President Donald Trump will travel to southwest Missouri next week to talk tax reform, the White House said Friday — the same day that one of the state’s most prominent Republican elders condemned him as a “hateful man” and urged others in the party to “disassociate” from him.
Some of the top Republicans in the state are planning to attend Trump’s appearance in Springfield, Mo., next week, notwithstanding former Sen. John C. Danforth’s scathing opinion piece in the Washington Post on Friday calling Trump “the most divisive president in our history.”
“To my fellow Republicans: We cannot allow Donald Trump to redefine the Republican Party,” wrote Danforth, who left the Senate two decades ago but remains a major voice in the Missouri GOP. “Our country needs a responsibly conservative party. But our party has been corrupted by this hateful man, and it is now in peril.”
In an interview Friday, Danforth declined to say whether he thought Missouri Republicans should boycott Trump’s event but added: “I would not be there.”
Among those who won’t have to decide is state Attorney General Josh Hawley, a newly seated Republican who is considering challenging U.S. Sen. Claire McCaskill, D-Mo., next year. Hawley was scheduled to leave Saturday for a week-long family vacation, according to his office.
Details of Trump’s event still were being worked out Friday, said a White House official.
U.S. Sen. Roy Blunt, R-Mo., “will attend if asked,” his office said. Republican Gov. Eric Greitens plans to attend, according to a spokesman. Lt. Gov. Mike Parson and other top GOP officials also are expected to be there.
Trump will use the speech to push for comprehensive tax reform and signal that he expects Congress to move on the issue after the failure this year to pass a repeal and replace of the Affordable Care Act, also known as Obamacare, the White House official said.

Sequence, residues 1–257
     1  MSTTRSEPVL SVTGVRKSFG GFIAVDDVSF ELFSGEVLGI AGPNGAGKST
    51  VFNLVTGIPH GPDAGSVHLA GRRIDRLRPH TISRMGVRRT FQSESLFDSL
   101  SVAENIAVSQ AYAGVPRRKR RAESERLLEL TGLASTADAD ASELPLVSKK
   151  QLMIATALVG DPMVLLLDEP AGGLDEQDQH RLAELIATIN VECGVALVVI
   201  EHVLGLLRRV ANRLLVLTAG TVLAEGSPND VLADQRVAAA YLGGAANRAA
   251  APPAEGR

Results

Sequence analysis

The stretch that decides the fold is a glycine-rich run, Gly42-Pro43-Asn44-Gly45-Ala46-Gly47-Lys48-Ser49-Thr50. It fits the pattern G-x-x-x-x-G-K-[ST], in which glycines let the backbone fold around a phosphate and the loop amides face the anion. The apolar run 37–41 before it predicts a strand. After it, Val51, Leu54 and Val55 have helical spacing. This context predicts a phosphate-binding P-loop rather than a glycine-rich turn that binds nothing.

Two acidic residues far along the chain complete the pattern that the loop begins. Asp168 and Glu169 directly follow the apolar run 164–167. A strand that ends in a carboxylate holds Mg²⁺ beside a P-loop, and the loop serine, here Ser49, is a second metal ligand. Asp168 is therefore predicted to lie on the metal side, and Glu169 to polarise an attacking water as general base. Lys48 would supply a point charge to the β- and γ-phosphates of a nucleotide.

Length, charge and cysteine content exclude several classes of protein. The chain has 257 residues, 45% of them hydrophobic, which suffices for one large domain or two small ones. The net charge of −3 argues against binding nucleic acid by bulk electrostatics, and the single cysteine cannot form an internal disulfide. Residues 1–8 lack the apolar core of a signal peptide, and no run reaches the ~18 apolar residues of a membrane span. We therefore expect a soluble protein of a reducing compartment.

The speech also is intended to show that Trump will be engaged in the tax-reform process as soon as Congress returns from an August recess early next month.
Tax reform, a key campaign promise of Trump’s, has lagged in Congress as the debate over the ACA dominated much of Trump’s first six months. But a simplified tax code could be an area of bipartisan breakthrough with Congress, despite Trump’s criticism of GOP congressional leaders.
Blunt, a member of the Republican leadership team in the Senate, said Friday that tax reform is a logical extension of Republicans’ rollback of “burdensome” regulations. He said he looked forward to “pursuing changes in our tax code that will increase U.S. competitiveness, boost wages and expand opportunity for Americans.”
Danforth, who was in the Senate for almost 20 years from the mid-1970s through the mid-90s, has functioned since as a political mentor to other Missouri Republicans, including Hawley, the state’s new attorney general. Danforth’s enthusiasm for a possible Hawley Senate run likely helped clear the field of some serious potential Republican challengers like U.S. Reps. Ann Wagner and Vicky Hartzler.